Wednesday, January 18, 2012
Coach No Longer Sidelined with Bad Knee
Once sidelined with a bad knee, joint replacement now has coach back in the swing of things
||Saunders, flanked by wife Susan and former student, Jim Scheer, All-State Linebacker from Oak Ridge’s 1980 State Championship Team.
Sports are a big part of Barry Saunders’ life.
As an assistant athletic director at Oak Ridge High School, Saunders attends every home swim meet, softball and soccer game, plus many other sports games at Oak Ridge. Plus, he helps coach the high school’s football team as well, working with the team’s kickers and receivers.
But about a year ago, knee pain had just about sidelined Saunders, 63.
His left knee was injured in 2005, and during surgery to repair a torn meniscus, the doctor found that arthritis was wearing away the cartilage in Saunders’ knee. Cartilage acts as a cushion between bones, and when it’s gone, that leaves painful bone-on-bone friction.
Saunders delayed a knee replacement for several years, making do with medications.
“After awhile, it was progressively more difficult moving around on the football field,” he said. “I wore a brace, but it was getting worse every year. At one point this spring, I would look out my classroom door to the library, and it felt like the Appalachian Trail. It was too far to get down there.”
A difficult golf game finally convinced Saunders to have a knee replacement.
“I went with Coach (Scott) Blade and the rest of the coaching staff to play golf,” said Saunders. “I embarrassed myself that day. I couldn’t swing, I couldn’t stand. That’s when I knew I needed to do something.”
Saunders had a complete knee replacement in June 2011 at the Joint Replacement Center at Methodist Medical Center, with Dr. Cletus J. McMahon doing the surgery.
The 12-room center offers a new approach to joint replacement, using a team approach to care in which patients, doctors, nurses and physical therapists all work together for the best possible outcome. The first step in joint replacement is to attend a pre-operative class at the center led by nurses and physical therapists.
“That was very helpful,” said Saunders. “They told us everything we would be looking at. Facing surgery like that, you’re very apprehensive, and they did a tremendous job getting us prepared.”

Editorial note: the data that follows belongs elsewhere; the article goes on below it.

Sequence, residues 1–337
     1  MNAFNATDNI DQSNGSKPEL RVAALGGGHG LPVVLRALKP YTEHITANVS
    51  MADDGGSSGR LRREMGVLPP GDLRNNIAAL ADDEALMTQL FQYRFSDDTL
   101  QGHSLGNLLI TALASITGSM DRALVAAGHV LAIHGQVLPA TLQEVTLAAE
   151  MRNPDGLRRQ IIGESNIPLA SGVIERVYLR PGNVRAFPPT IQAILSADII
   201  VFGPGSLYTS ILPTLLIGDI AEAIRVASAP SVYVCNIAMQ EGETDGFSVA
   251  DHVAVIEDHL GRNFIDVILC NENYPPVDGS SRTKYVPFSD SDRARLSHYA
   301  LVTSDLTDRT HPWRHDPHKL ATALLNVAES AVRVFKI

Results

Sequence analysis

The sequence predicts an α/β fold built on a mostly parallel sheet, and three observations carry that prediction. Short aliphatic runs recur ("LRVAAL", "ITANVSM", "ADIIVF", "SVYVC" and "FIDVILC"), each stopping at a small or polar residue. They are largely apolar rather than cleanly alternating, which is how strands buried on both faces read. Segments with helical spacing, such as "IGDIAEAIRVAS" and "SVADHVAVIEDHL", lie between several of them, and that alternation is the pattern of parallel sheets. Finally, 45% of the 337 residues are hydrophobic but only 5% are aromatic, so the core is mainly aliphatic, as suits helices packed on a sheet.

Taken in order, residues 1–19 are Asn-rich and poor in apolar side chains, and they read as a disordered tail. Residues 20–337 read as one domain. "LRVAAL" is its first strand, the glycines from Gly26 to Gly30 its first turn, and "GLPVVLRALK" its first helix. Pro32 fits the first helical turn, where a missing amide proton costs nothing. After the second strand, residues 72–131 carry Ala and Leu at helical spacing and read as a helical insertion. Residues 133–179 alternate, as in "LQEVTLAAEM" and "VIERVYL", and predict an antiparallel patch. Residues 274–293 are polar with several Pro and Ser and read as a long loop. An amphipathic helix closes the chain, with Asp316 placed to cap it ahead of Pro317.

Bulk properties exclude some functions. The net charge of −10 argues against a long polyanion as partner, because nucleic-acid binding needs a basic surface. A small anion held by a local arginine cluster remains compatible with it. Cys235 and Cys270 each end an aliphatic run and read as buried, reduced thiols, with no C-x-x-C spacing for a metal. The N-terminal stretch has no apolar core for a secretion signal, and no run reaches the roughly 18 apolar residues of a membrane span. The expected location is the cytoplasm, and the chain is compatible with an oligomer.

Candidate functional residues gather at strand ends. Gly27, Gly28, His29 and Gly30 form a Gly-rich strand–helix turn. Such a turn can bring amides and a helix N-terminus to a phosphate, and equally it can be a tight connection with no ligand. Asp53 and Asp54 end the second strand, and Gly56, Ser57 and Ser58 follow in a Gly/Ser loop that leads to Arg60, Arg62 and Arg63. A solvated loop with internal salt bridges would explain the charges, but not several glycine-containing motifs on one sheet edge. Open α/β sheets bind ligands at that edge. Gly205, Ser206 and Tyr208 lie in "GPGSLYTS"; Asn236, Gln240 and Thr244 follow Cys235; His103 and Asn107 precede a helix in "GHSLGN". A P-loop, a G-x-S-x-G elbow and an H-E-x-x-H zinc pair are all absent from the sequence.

Saunders was also grateful for the coaching he received through his friend, Michael Clement who was a fellow joint replacement patient.
“I am so thankful to Michael for mentoring me through the whole process, especially the beginning, and to my wife Susan for all her care.”
Patient coaches are one of the unique concepts offered at Methodist’s joint replacement center. Family members, loved ones or volunteer coaches participate in the rehab program with the patient so they can better prepare for the transition home.
Because joint replacement patients are typically healthy, the center staff gets them up and out of bed shortly after surgery. This helps speed recovery and reduce side effects. Physical therapy begins in the hospital and continues after the patient goes home. Saunders stayed three nights.
“They had some pills for me to take for pain, but I didn’t take more than one or two,” he said. “I kept ice on it and did my exercises. I followed through with my exercises at home, too. I was back at school when it started, and back on the football field this fall.”
He was also back in action in the classroom where, in addition to his coaching responsibilities, he teaches five daily classes of algebra. It’s a job that keeps him on his feet – either standing or moving around the class - during his instruction time.
His students were the first to notice how well Saunders could walk. “I didn’t realize how bad it had gotten, till the kids said, ‘Gosh, you’re walking. You were limping before.’”
Now Saunders said he’s looking forward to a golf rematch. “Now I don’t have any problem walking anywhere. I look forward to playing golf this spring.
“Having to go cover sporting events and stand around for hours, the pain was killing me. Now I have no problem standing, walking, and now I look forward to those. Being able to move on the football field is a big thing.”
Saunders said he recommends the Methodist Joint Replacement Center to anyone who needs a hip or knee replacement.
“The nurses were just fantastic,” he said. “The physical therapists were outstanding to get me back to the point where I could do things on my own. The care was tremendous.”